Feeling a little lost after graduating from the San Francisco Conservatory of Music in 2008, violinist Shaina Evoniuk only knew that she wasn’t interested in the usual path paved by chamber music gigs and symphonic concerts.
“I was considering moving to New York or traveling to Europe,” she recalls. “I hadn’t found my musical compadres, and I didn’t know what my musical voice was. I was a recovering classical musician.”
With a job she loved teaching music at San Domenico School in San Anselmo, Evoniuk could pay her bills, but it wasn’t until receiving an unexpected email from the Godfather that she found herself inexorably drawn into the fearsome Bay Area conspiracy known as the Jazz Mafia. These days, she’s a made member of the stylistically heedless crew, and she celebrates the release of her debut album Hitwoman Honey with the Cosa Nostra Strings on Wednesday at the California Jazz Conservatory’s Rendon Hall in a concert co-presented by Jazz in the Neighborhood.
How did the young violinist from Ashland, Oregon end up with a defiantly creatively gang of players melding jazz, funk, hip hop and European classical idioms? As is so often the case in these sad tales, the trouble all started with a trombonist. Adam Theis, the Jazz Mafia ringleader, was looking for adventurous string players for his wildly ambitious, 50-piece hip-hop symphony Brass Bows and Beats when he reached out to the unsuspecting Evoniuk in 2009. Though she could only make a few of the eight scheduled performances, Theis said no problem, and just like that she found herself ensnared in a musical plot that soon drew glaring scrutiny, with appearances at the Newport, Monterey, Montreal and Playboy Jazz Festivals (the project was supported by an “Emerging Composer” grant from the Wallace Alexander Gerbode Foundation and William and Flora Hewlett Foundation).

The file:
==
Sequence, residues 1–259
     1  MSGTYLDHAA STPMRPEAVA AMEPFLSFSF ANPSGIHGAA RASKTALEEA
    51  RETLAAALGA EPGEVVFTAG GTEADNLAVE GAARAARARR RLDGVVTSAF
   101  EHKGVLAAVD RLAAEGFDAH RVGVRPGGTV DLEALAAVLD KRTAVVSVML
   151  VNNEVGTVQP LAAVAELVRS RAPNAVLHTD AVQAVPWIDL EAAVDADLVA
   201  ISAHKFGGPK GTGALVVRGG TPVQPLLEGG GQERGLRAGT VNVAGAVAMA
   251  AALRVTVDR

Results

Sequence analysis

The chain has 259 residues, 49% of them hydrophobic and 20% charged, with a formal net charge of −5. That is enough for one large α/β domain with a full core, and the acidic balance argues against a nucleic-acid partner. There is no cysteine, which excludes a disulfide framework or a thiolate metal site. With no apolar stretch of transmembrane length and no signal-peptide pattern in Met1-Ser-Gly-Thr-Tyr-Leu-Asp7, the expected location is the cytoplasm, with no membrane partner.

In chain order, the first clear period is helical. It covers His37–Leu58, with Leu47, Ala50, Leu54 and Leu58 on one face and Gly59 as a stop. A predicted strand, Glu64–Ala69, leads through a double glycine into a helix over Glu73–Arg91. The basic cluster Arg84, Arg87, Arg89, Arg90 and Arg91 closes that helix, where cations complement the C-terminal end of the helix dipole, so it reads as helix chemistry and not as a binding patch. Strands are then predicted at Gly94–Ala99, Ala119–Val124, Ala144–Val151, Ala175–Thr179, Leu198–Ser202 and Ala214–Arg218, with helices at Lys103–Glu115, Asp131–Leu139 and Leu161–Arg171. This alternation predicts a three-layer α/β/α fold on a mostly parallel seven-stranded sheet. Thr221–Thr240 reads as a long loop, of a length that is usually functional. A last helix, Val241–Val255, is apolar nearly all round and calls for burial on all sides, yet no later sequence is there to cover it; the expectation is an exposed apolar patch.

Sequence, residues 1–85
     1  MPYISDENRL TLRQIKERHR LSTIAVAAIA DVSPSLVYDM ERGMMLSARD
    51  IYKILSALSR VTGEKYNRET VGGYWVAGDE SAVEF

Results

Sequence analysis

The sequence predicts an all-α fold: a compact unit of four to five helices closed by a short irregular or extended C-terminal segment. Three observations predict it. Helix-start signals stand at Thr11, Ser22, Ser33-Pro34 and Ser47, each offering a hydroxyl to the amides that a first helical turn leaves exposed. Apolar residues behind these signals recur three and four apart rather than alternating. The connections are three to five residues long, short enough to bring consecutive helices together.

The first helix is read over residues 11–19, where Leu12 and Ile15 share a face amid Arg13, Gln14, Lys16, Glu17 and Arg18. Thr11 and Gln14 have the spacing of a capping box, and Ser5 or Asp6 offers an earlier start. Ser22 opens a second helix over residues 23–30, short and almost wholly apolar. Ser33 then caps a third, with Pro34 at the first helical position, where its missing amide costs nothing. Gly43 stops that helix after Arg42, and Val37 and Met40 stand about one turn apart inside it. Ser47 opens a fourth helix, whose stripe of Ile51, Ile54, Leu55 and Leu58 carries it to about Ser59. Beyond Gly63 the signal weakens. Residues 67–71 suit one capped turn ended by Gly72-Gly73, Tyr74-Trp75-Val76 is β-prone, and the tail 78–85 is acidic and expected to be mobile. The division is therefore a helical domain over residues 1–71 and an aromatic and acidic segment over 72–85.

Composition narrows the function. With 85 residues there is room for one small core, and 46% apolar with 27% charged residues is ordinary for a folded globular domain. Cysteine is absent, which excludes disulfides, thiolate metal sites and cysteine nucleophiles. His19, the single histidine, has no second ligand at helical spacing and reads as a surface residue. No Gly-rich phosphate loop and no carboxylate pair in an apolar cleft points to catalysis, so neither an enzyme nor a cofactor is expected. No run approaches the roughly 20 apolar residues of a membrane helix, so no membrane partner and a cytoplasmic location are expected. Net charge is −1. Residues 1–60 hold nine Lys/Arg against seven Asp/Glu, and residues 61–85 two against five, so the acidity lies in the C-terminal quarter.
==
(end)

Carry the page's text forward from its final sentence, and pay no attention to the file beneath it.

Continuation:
Needless to say, Evoniuk had little idea what she was getting into, or the characters she had cast her lot with when she showed up for the first rehearsal “and played some of the most amazing music that included the bluegrass and jazz that made up my musical molecular structure,” she says, noting that she grew up watching her dobro-playing father rehearse his bluegrass band. When she returned to town for the Bay Area premiere at the Palace of the Fine Arts Theater, a concert presented by SFJAZZ, she plugged into a community that Theis had been building for a decade, a vivid cast including vocalist Alma the Dreamer, vocalist and drummer Joe Bagale, and rapper Dublin.
“After that I went out to every Jazz Mafia show for the next year,” Evoniuk says. “Now those musicians are all my best friends. I almost didn’t believe that life could change so quickly. I think it took me several months to realize that this is what I’ve been looking for. I found my people.”
She also found her person, as she and Theis are getting married in May. He co-leads the Cosa Nostra Strings, which is performing as a quintet with violist Keith Lawrence, Rupa and the April Fishes percussionist Aaron Kierbel, and cellist Lewis Patzner (who’s also scheduled to perform Haydn’s “Adagio Cantabile” from Symphony 13 on April 1 as part of the Starry Plough’s Classical Matinee Series).
The ensemble emerged from the Jazz Mafia collective several years ago when Theis was looking to explore more delicate dynamics. “Violin, viola and cello, instead of blasting the audience with sound, invite the audience to lean in,” Evoniuk says. “We developed this sound that can be like an R&B band or a jazz combo. We can be totally acoustic, and Lewis has his crazy effects pedals. And Aaron Kierbel, our percussionist, can play cajón, or typewriter, or a piece of paper.”